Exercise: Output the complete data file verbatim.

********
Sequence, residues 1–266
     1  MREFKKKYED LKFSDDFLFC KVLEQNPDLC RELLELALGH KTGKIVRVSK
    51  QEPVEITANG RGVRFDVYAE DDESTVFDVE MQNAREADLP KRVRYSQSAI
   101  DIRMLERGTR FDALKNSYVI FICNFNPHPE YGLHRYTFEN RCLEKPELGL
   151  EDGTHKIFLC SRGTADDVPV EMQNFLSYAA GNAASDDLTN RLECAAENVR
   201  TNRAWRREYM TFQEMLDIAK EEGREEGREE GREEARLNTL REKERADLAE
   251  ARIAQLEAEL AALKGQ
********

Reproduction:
Sequence, residues 1–266
     1  MREFKKKYED LKFSDDFLFC KVLEQNPDLC RELLELALGH KTGKIVRVSK
    51  QEPVEITANG RGVRFDVYAE DDESTVFDVE MQNAREADLP KRVRYSQSAI
   101  DIRMLERGTR FDALKNSYVI FICNFNPHPE YGLHRYTFEN RCLEKPELGL
   151  EDGTHKIFLC SRGTADDVPV EMQNFLSYAA GNAASDDLTN RLECAAENVR
   201  TNRAWRREYM TFQEMLDIAK EEGREEGREE GREEARLNTL REKERADLAE
   251  ARIAQLEAEL AALKGQ